John Harris

A keen athlete as a youth, John was involved in gymnastics, rugby union and boxing. At the age of 18, he was on holiday at a Butlins holiday camp when he fell 18 metres from a big wheel resulting in the paralysis of his legs. The injury left him hospitalised for five months, and after his release he “wasted the next three years in the pub”.

Harris’ involvement in parasports began when a friend persuaded him to attend a gym in an attempt to improve his fitness and give him focus. Harris then joined a paraplegic sports club and showed promise as a competitor after winning multiple events at a local sport event. His progress was noticed and the next year he was selected for the 1980 Summer Paralympics in Arnhem in the Netherlands. Harris entered three events, the category 5 discus and shot put and the 85 kg Light-heavyweight weightlifting, but failed to medal.

Four years later Harris was back in the Great Britain team at the 1984 Summer Paralympics. Harris originally decided to not apply for the team, after being disgusted at what he saw was the poor treatment of Paralympic athletes in comparison to their Olympic counterparts. He believed that Atlanta should not have been allowed to pull out of hosting the Paralympic sport in 1980, but was talked around to taking part by a friend.[3] At the Games, held at short notice in Stoke Mandeville, England, Harris was entered for the discus, shot put and javelin. Before taking part in the events, he was chosen to take the Paralympic Oath on behalf of all the athletes, an event he described as a “phenomenal honour”. Although Harris did not finish in the top three in either javelin or shot put, his main focus for a medal was the discus. Before his final attempt he was sitting in sixth place, but his Paralympic record breaking throw gave him the gold medal.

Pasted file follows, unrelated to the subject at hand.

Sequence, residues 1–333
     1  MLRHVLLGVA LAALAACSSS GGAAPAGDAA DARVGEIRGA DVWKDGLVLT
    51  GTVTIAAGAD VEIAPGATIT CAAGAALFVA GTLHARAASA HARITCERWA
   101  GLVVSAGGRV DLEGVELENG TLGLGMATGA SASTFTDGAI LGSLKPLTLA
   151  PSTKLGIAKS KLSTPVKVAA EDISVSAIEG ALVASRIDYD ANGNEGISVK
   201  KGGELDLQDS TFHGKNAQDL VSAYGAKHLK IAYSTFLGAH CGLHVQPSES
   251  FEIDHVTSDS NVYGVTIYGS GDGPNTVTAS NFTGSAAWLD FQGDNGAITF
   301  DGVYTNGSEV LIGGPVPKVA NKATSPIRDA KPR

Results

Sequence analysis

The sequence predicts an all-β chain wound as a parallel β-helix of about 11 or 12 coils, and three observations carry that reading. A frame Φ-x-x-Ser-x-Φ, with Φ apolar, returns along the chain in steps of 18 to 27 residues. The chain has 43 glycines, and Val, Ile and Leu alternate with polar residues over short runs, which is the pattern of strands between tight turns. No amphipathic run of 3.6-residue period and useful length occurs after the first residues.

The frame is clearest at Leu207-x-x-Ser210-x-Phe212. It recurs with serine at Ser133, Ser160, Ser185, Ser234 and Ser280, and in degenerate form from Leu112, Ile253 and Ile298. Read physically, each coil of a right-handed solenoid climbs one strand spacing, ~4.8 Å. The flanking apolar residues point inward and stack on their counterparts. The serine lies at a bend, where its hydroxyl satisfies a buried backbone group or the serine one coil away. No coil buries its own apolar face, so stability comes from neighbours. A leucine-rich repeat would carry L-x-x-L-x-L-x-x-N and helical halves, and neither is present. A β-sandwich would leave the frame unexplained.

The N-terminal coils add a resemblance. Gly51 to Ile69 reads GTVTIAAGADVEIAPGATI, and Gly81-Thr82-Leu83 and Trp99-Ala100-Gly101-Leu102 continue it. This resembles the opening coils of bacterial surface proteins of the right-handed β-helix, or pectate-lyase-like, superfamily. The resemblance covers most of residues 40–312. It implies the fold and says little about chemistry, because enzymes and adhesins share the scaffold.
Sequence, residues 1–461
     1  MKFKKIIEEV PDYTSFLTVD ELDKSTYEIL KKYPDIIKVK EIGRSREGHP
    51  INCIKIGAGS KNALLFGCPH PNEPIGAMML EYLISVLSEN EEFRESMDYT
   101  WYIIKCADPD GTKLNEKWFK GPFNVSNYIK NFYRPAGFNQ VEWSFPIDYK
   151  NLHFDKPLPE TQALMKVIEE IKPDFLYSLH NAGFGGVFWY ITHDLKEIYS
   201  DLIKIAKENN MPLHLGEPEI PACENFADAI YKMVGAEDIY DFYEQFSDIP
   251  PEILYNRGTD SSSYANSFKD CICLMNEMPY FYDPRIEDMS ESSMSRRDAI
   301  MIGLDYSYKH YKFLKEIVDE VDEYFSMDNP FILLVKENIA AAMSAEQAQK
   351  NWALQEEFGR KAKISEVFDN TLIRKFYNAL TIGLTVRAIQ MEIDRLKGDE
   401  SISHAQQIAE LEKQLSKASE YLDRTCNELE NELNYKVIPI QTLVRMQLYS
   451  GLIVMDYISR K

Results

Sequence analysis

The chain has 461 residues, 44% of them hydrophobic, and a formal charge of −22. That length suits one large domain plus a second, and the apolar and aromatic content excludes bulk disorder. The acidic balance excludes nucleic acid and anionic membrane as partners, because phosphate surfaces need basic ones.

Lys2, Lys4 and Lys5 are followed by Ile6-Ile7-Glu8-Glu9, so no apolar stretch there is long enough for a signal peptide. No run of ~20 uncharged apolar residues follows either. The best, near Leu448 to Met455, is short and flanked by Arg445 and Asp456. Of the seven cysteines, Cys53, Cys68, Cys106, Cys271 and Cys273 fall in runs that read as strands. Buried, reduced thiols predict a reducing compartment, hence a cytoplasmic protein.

Harris states that his outlook to life changed after the games, becoming less self-centered and in 1986 he joined up with his training partner and good friend Chris Hallam, who was also an outstanding Paralympic athlete having won gold in the pool at Stoke Mandeville. The two decided to raise funds for, and awareness of, disability sport by taking part in a 400-mile wheelchair trip around Wales in just 11 days. This led to a further fund raising event in 1997 when the two men completed 600-mile in 37 days. The funds they raised allowed for the building of national centre for disability sport to be built at the University of Wales Institute, at the Cyncoed Campus site.

In 1988 Harris took part in his third Summer Paralympics, joining the Great Britain team when they travelled to Seoul. He entered two events, the category 5–6 pentathlon and the discus. In the discus he threw 34.98m, to take silver, 1.70m behind the eventual winner Egypt’s Mohamed Abdulla Mohamed. He finished fourth in the pentathlon, but was later awarded the bronze medal.